Day three: Derby to Windjana Gorge National Park (157km)
The first 70 kilometres of the Gibb are sealed, then it’s four-wheel driving all the way until Kununurra.
First up, your clients can check out an ancient reef system formed around 350 million years ago at Windjana Gorge National Park in the Napier and soak up some culture on the way with a visit to the Mowanjum Aboriginal Art and Cultural Centre.
Once they reach the national park, they can explore the 3.5-kilometre walk trail with 100-metre walls revealing fossils of primeval lifeforms and pools that support an abundance of wildlife.
Then, clients can follow the road south to nearby Tunnel Creek National Park, WA’s oldest cave system, and take a torch-lit walk through the 750-metre tunnel and its subterranean world of bats and freshwater crocodiles before spending the night at the Windjana Gorge campsite.
Day four: Windjana Gorge National Park to Bell Gorge (158km)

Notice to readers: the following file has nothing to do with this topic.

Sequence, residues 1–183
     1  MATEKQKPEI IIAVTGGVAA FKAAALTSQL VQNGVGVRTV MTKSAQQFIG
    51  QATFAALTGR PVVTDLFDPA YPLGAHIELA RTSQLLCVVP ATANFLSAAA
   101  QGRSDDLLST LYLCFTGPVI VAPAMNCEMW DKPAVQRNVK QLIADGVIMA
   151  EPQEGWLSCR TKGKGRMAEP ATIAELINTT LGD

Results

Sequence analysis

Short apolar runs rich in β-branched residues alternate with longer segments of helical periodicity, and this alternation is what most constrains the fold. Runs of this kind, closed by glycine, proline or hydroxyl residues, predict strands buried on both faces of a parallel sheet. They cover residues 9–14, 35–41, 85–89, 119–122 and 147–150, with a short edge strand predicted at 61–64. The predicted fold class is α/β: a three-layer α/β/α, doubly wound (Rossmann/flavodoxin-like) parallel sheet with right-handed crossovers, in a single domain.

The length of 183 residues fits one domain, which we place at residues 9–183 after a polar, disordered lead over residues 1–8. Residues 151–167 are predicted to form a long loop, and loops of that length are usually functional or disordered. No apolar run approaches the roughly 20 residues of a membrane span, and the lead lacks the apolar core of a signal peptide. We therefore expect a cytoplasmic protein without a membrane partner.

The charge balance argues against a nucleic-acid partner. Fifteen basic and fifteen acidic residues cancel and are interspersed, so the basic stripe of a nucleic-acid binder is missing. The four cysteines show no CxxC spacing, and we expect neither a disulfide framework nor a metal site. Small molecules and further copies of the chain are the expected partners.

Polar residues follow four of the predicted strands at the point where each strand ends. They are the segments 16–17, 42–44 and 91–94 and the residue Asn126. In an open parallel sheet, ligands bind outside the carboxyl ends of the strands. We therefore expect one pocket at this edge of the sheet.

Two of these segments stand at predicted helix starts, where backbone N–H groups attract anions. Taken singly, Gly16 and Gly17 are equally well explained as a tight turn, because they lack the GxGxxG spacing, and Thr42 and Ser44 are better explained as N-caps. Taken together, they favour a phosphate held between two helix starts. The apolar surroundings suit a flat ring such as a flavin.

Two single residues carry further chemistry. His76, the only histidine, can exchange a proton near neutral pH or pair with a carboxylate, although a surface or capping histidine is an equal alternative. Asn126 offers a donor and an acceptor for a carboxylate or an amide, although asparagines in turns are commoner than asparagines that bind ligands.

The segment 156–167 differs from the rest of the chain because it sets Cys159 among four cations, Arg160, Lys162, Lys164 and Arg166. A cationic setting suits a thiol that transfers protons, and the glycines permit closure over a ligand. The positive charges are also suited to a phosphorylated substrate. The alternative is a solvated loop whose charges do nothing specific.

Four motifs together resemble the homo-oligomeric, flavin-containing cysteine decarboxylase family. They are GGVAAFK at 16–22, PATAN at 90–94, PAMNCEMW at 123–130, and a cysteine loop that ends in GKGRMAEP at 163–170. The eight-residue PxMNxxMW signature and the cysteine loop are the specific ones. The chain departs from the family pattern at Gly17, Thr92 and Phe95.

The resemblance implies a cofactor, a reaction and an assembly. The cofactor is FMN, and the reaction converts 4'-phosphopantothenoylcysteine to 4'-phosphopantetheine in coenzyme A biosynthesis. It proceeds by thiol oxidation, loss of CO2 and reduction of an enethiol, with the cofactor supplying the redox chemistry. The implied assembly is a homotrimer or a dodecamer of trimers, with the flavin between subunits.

The next morning, clients can head into the Kimberly Highlands at Lennard Gorge for a morning walk or swim before heading to Bell Gorge, one of the Kimberley’s most spectacular attractions with a cascading 100-metre waterfall, swimming pools and breathtaking cliff-top views.
Mount Hart Homestead is a good base to explore nearby Matthew Gorge and the pocket of rainforest below Mt Matthew is a great spot for birdwatching.
Day five: Bell Gorge to Manning Gorge (126km)
From Bell Gorge, they can take a short drive to Galvans Gorge for a bushwalk to spectacular granite outcrops and lily-filled waterways.